I have seen the Lord!

I have seen the Lord! A sermon for Easter Day
John 20.1-18

Mary empty tombWithout wanting to make any judgment, I think that some of you who are reading this may be old enough to remember one of the BBC’s most famous April Fool’s Day hoaxes, reporting the remarkable Swiss Spaghetti Harvest. It was after a mild winter – very unlike this year’s! ­– that the spaghetti crops had come out remarkable well, especially in Switzerland.

I wonder what your first reaction to a news item like this is. Do you immediately know it’s a fake story, or are you for a moment or more surprised, but captured by the news? I have to say that I’m usually quite gullible and my first reaction is to jump up and share the story with someone else: Have you heard about this!? And often that’s the moment when someone else needs to tell me I’ve been fooled.

Assuming I’m not the only one, the more often this happens, the more sceptical we get, until at some point we don’t believe anything anymore. That’s of course a bit of an exaggeration, but when we think about it, I do believe that we are becoming more and more distrusting now there seems to be so much ‘fake news’ around.

How different is the story of the first Easter morning. Instead of it being a hoax, trying to mislead people, in this story we see and recognise the story of our own lives. The story of Jesus is not one of manipulation and obtaining power. On the contrary, it is the story of ultimate freedom and the subversion of those people and institutions claiming to be in charge.

When Mary arrives at Jesus’ tomb, she sees that the stone has been rolled away, and having drawn her own conclusion, she says to the disciples ‘They have taken the Lord out of the tomb, and we do not know where they have laid him’. Mary has done what we so often do too: draw too quick a conclusion from the things we see.

The two disciples immediately run towards the tomb, and one of them looks in and sees the linen wrappings lying where the body had been. Peter himself goes into the tomb to indeed find it empty. It’s not quite clear what they conclude for themselves, as we read they believe, but also that they did not understand that he must rise from the dead.

In any case, the disciples go home, but Mary stays. The encounter between Jesus and Mary, I think, is one of the most moving passages in scripture. Through her tears, Mary doesn’t recognise Jesus, but thinks him to be the gardener. It is only when Jesus says her name ‘Mary’ that she recognises him.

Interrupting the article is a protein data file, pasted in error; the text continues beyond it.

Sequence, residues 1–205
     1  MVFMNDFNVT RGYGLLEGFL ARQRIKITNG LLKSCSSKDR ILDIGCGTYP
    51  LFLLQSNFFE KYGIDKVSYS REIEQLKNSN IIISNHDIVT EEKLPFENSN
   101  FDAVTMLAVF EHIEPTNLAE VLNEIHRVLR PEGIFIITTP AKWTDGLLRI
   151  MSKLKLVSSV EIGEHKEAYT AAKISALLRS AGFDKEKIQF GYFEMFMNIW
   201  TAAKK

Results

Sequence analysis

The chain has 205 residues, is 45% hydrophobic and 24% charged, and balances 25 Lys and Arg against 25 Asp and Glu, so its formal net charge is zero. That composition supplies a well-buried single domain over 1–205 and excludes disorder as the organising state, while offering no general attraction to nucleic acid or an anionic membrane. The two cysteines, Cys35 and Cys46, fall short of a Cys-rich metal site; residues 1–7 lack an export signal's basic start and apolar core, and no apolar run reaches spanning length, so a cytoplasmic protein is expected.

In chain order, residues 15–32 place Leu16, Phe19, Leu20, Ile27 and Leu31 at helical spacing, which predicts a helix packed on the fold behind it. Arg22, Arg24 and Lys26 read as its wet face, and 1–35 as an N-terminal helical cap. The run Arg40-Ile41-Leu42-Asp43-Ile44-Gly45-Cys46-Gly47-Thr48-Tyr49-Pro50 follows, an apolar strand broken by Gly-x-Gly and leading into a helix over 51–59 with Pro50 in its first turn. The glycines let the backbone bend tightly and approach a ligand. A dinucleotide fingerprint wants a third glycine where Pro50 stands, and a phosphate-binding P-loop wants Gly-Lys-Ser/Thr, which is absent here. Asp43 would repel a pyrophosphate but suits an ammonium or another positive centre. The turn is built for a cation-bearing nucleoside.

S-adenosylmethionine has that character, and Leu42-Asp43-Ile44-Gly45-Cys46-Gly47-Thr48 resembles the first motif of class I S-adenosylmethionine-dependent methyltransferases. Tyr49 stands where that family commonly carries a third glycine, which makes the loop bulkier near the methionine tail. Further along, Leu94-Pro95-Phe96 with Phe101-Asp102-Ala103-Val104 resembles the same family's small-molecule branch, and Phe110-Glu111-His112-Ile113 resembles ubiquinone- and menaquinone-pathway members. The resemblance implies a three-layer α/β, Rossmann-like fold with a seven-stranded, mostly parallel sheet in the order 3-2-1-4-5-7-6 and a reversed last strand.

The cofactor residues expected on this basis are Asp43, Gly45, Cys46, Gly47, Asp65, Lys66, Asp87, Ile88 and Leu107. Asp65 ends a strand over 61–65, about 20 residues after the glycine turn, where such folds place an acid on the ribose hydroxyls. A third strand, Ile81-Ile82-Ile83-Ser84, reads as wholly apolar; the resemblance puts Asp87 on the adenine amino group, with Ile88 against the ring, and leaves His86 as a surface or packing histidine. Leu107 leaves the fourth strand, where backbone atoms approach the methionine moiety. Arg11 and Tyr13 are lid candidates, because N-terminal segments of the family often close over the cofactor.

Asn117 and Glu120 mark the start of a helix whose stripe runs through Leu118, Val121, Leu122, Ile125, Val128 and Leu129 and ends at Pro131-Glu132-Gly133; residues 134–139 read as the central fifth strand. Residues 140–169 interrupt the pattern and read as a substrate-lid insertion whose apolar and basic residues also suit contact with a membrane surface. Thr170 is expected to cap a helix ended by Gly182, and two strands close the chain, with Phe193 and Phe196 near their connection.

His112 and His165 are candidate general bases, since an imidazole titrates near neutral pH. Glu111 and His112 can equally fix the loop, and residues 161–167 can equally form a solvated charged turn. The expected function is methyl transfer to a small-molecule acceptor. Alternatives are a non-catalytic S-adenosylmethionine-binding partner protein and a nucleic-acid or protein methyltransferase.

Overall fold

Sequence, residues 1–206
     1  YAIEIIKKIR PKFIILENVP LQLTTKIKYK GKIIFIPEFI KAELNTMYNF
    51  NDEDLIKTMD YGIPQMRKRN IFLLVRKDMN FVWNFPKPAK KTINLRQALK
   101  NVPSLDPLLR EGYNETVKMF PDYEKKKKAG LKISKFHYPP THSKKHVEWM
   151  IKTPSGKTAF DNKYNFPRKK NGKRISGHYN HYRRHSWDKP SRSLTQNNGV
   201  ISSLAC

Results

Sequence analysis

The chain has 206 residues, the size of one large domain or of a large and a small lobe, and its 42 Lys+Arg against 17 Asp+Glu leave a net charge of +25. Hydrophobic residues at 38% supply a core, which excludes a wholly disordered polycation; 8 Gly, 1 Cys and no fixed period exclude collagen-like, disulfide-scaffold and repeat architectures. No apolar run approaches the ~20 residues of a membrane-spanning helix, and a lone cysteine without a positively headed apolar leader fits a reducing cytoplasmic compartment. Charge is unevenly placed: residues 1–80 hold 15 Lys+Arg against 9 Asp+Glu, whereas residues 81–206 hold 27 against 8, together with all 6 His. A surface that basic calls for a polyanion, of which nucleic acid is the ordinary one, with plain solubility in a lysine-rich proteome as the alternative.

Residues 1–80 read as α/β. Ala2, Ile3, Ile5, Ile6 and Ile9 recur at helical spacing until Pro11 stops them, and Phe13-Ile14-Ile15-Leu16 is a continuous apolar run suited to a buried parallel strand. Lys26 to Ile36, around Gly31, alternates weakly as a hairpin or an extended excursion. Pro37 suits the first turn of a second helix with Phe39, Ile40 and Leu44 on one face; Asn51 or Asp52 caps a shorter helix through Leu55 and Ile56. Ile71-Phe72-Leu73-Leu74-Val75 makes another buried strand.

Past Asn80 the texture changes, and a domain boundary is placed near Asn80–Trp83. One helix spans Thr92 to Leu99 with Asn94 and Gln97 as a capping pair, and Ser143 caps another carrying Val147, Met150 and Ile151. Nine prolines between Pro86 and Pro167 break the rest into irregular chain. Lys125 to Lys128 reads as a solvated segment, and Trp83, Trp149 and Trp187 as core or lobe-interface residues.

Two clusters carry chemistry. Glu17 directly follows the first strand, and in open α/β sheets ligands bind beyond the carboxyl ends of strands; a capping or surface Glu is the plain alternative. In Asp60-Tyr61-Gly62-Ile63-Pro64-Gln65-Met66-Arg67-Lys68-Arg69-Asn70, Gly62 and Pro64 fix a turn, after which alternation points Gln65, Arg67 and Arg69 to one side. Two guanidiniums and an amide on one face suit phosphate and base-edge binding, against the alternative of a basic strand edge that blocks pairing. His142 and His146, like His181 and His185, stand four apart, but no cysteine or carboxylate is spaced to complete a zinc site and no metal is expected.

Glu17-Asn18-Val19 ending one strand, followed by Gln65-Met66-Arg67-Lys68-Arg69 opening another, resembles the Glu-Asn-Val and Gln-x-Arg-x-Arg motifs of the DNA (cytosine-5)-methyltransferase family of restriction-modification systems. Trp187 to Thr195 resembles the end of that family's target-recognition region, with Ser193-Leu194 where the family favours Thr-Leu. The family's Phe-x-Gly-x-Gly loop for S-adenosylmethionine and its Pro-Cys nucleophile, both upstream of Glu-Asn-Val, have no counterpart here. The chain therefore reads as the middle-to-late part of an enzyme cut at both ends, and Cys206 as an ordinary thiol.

Mary goes back to the disciples, this time not with a conclusion, but with an observation: ‘I have seen the Lord’. This time she she doesn’t draw a conclusion as she did on seeing the empty tomb, but shares what she has seen and heard.

‘I have seen the Lord.’ Those words can be seen as the first proclamation of the Resurrection. That is what for me makes the story of Easter convincing: it is not a conclusion, but an observation. Mary’s encounter with Jesus is given to us without any interpretation. It is simple, clear and real. No difficult theology or jargon, but an encounter that changed the world.

Here lies for me the truth of the Christian faith as a whole: in the encounter with the other, and through this the encounter with God. I don’t believe in Christ because I have studied theology, but I believe in Jesus, because I have encountered him in others.

This is also what I think we need to do as a Church, as the body of Christ. Not to draw conclusions and try to convince people we understand and they should too. But also we should tell of our encounters, share our stories when we have met the risen Christ in others. We need to do what Mary did, and tell others where we have seen the Lord.

In our encounters that mirror Mary’s encounter with Jesus, we know that we are loved, and in that very moment, we seem to understand what that means. It is hard to articulate, but it is precisely then that we know that this love is unconditional and everlasting.

However, these moments are only moments, and just as Mary, we cannot hold on to them. But we can treasure them in our hearts, look back on them, and remember how they made us feel, and indeed share them with others, as Mary shared her experience with the disciples. Yes, we too have seen the Lord, and that is why today we can say: Alleluia, Christ is risen! He is risen indeed, alleluia!

 

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